The American Civil Liberties Union called for reform, with the ACLU of New Jersey gave Booker a "D" when it came to "police practices" in 2009. But after slow progress, it petitioned the Justice Department the following year to take action, citing more than 400 allegations — most of which came during Booker's administration — the organization claimed were proof of police misconduct. The Justice Department would end up investigating the police department, and Booker eventually came around on the probe.

In the years since, Booker has been a champion of criminal justice reform. The senator was instrumental in passing the bipartisan First Step Act, signed into law last year. The senator has made many additional proposals aimed at reforming the criminal justice system.

Booker said Wednesday it was “no secret that I inherited” a police department with massive problems and decades long challenges. Booker said he was “shocked” Biden wanted to take on his criminal justice record, saying he was “dipping in the Kool-Aid” and “didn’t even know the flavor.”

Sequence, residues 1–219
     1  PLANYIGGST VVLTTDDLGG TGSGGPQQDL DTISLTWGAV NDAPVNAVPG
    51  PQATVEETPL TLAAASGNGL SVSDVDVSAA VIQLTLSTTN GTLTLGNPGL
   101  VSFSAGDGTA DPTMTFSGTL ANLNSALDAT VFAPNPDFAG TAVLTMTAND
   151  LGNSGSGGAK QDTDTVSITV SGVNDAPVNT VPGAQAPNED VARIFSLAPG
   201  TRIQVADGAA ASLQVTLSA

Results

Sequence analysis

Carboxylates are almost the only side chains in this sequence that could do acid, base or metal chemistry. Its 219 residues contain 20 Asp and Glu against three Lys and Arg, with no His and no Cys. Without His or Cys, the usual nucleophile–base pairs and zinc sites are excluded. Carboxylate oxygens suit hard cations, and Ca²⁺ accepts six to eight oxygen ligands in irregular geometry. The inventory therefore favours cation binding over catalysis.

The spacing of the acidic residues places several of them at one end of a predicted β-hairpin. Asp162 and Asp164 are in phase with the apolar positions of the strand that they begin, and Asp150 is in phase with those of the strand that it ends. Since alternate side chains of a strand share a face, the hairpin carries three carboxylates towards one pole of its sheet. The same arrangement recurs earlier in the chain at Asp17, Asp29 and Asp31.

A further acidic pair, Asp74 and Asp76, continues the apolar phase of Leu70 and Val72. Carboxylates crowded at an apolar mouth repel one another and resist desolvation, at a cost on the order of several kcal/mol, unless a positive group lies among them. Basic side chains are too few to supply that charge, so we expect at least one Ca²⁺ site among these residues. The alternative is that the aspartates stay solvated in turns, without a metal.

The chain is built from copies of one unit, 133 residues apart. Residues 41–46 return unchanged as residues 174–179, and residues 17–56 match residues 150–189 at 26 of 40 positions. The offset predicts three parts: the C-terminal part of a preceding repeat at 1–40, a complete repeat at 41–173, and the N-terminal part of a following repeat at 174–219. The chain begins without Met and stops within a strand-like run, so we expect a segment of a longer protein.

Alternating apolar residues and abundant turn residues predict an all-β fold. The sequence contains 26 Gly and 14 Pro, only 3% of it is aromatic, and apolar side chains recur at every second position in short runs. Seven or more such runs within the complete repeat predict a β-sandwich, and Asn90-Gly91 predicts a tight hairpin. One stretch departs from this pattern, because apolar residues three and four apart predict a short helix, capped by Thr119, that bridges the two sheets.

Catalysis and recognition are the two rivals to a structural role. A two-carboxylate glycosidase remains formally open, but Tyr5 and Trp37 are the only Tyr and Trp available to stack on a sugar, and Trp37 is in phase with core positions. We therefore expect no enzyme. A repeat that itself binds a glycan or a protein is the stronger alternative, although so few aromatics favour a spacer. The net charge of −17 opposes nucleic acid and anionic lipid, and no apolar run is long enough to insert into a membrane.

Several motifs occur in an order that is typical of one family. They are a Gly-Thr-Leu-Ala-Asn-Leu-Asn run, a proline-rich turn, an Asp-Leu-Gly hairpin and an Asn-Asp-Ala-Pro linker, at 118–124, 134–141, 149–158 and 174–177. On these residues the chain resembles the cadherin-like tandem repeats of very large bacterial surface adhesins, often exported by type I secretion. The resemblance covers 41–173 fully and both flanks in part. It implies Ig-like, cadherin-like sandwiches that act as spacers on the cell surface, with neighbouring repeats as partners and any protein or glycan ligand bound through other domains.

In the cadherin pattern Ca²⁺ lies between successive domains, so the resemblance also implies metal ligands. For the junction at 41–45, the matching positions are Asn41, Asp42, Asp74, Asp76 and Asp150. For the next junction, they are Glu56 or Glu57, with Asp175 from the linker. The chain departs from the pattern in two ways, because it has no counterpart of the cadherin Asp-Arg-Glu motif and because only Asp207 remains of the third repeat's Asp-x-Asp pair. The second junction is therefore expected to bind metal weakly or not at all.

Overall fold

“I embraced reform,” Booker said, “You’re trying to shift the debate for what you created.”

Biden has come under fire for his main piece of criminal justice legislation, the controversial 1994 crime bill that experts say contributed to mass incarceration. Of note, Booker, as mayor, utilized grants made available through the crime bill to help rehire Newark Police Department officers who were the victims of municipal budget cuts.